OP, you’ve gotten some great advice about ditching the idea of “being in love” and instead choosing to love. I’d also encourage talking with your husband–not going “I’m not in love with you; I’m lonely and feel unfulfilled and resent being the breadwinner,” but “I’m interested in connecting with you more. How can we take care of the bond between us?”

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There’s no such thing as karma. You need to go to counselling if you want your marriage to succeed, and you need to stop thinking in the way you are thinking.
Clearly you have some sort of residual guilt for the affair and perhaps that is part of the issue but you also admit that you have lost respect for your spouse.
You say you don’t connect emotionally but that won’t change until you make the effort to connect emotionally again. Love is not a feeling, it’s a choice. You need to put some work into your marriage and stop thinking that it’s some kind of cosmic payback for something you did years ago.

Perhaps you should go to confession if you haven’t already and find a good marriage counsellor. These issues won’t fix themselves and you’re both going to have to have some uncomfortable conversations if you want to fix your marriage.

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Any ‘Karma’ attaching itself to you is NOT of God! If you have made a good confession, your sins have been forgiven!

But, are there any things that have happened, in recent times, that may be making you feel that your marriage is beyond repair? Do you feel that you’re ‘unworthy’ of a good marriage? That your husband is undeserving of your love?

If so, first make a good confession; make sure you aren’t holding on to any undeserved guilt. What made you want to marry your husband? Think of these reasons. Cultivate good feelings towards your husband.

(Note: If there have been any instances of physical, emotional, or verbal abuse that your husband has made towards you, or your children, address that first: Your children, and you, don’t deserve that, ever!).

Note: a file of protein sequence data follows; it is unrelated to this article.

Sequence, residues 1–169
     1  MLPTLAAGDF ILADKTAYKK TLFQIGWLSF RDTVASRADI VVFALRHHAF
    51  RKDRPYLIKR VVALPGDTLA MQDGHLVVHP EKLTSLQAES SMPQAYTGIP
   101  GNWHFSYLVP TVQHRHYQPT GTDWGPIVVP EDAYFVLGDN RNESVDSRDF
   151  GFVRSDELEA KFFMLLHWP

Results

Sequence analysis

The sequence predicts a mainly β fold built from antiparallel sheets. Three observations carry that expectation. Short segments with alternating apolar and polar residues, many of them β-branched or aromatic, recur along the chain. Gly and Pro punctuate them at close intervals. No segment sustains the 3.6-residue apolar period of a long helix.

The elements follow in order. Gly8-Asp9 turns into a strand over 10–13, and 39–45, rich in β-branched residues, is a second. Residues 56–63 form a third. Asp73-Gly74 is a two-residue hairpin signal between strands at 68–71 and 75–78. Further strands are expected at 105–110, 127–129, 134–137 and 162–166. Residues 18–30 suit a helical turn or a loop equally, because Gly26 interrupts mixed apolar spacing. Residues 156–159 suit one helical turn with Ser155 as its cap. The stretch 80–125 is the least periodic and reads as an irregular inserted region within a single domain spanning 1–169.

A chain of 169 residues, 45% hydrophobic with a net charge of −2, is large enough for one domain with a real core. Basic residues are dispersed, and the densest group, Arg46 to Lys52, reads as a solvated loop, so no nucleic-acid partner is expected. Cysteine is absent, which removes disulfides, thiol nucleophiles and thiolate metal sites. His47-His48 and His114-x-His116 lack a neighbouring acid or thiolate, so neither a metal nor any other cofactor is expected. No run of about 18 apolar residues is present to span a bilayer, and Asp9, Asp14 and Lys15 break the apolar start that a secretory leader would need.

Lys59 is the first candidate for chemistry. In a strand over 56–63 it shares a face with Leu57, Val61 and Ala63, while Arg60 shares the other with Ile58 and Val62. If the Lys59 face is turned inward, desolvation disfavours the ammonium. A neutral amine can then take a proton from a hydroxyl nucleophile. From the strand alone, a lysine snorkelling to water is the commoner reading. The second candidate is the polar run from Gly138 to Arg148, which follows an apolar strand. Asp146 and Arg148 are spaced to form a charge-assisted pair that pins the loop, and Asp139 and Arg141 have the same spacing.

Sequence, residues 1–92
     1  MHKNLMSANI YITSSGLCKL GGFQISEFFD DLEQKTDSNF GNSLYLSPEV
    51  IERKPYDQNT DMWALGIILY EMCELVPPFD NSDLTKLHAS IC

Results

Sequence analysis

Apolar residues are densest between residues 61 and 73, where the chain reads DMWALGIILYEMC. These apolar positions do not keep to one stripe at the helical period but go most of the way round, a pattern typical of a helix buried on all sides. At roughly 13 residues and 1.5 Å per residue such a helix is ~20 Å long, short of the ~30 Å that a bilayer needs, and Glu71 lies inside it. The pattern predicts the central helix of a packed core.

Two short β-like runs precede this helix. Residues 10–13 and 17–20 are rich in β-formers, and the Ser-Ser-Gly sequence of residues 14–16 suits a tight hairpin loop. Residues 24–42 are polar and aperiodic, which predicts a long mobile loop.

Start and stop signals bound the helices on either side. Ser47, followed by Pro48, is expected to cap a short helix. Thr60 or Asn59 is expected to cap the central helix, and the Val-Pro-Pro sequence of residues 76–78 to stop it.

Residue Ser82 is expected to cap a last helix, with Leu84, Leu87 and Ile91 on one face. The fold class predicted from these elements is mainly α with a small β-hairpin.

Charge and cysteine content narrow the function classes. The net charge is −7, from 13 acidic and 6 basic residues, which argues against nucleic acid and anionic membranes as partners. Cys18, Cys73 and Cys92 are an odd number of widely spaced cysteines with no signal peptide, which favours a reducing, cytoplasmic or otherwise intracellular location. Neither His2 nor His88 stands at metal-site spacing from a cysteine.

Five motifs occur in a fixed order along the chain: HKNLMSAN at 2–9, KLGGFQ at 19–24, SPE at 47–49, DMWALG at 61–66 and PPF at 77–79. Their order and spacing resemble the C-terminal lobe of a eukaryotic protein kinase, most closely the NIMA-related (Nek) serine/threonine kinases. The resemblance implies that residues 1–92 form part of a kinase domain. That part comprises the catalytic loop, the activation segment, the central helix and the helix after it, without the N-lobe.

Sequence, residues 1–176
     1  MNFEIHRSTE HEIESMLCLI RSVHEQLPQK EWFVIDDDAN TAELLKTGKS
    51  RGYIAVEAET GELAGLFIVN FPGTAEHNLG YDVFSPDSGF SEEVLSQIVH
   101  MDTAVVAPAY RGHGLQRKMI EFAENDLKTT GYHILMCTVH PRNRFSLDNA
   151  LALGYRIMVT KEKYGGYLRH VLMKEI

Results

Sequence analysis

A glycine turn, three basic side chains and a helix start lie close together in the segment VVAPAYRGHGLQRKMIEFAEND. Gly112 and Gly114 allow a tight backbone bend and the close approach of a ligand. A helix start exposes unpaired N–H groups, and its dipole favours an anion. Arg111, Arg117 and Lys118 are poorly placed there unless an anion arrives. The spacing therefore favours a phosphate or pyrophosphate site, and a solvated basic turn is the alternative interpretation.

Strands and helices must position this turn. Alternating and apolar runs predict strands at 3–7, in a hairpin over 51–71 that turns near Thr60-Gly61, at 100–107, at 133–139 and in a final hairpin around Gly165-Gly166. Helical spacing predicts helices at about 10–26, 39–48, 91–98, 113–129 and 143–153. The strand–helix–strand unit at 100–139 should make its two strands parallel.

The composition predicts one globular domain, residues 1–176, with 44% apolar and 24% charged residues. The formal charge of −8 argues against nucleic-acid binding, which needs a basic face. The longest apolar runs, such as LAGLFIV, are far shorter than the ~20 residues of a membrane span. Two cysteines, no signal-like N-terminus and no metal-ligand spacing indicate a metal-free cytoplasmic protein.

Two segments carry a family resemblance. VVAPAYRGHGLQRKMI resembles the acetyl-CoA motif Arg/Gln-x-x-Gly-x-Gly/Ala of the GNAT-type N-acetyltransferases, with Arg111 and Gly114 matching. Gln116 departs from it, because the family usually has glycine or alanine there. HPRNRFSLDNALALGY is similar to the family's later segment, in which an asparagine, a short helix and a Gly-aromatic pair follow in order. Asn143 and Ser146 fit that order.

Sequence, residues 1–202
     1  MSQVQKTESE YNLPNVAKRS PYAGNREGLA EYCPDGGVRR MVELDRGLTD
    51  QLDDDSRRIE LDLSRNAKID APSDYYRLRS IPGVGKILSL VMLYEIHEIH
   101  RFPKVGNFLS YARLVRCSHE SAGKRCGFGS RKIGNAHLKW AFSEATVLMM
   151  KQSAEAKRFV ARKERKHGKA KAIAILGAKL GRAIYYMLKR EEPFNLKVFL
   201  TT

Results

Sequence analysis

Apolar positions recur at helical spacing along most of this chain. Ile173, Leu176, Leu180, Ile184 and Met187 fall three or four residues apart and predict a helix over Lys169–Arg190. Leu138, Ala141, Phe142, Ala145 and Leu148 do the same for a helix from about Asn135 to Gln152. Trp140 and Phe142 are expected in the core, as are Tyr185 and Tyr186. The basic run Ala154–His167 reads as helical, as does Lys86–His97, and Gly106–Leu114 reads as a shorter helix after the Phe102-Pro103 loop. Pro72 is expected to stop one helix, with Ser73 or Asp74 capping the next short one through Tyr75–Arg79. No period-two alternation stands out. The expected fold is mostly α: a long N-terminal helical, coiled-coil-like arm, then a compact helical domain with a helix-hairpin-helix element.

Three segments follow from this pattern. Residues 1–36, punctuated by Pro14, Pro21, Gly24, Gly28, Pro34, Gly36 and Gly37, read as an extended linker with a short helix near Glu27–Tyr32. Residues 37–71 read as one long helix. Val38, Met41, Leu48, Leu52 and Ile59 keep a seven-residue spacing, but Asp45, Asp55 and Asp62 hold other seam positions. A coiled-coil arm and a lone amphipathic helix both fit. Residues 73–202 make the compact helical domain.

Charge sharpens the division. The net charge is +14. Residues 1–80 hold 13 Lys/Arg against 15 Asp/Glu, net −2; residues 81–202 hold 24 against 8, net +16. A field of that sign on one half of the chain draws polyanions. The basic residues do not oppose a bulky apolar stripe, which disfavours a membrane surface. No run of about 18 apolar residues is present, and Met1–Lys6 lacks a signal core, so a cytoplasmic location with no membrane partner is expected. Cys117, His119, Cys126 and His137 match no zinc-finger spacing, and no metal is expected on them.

Once your sure that no one is being abused, speak to your priest. And a marriage counselor. And, forget about any ‘karma’. Which, in some ways, is extremely un-Christian, as Jesus died to save us from our sins. We can offer our suffering to God, but we can’t replace Him. You have a problem in your marriage; that is what you should be working on now, not any strange concept from other religions.

God Bless!

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“Karma” is not a Catholic concept, of course. However, the so-called “quarter-life” crisis is a real thing that can happen to younger people, where you second guess your life choices.

It is also important to be able to share moments with your spouse, even the hard ones. This builds intimacy. Conversely hiding what hurts you destroys intimacy.

For instance, does your husband know about the affair. Do you feel like you can share that with him? You may feel like you are sparing him something painful, but if you cannot share things that are bothering you with your own husband, that breaks down trust and leaves you both feeling distant.

If you don’t know how to discus you feelings with your husband, therapy may help you identify obstacles to communication and build skills to address this. You could consider couple’s or individual therapy depending on how willing your husband is. Of course, the affair isn’t necessarily exactly what’s bothering you, and therapy may help you discern your own feelings.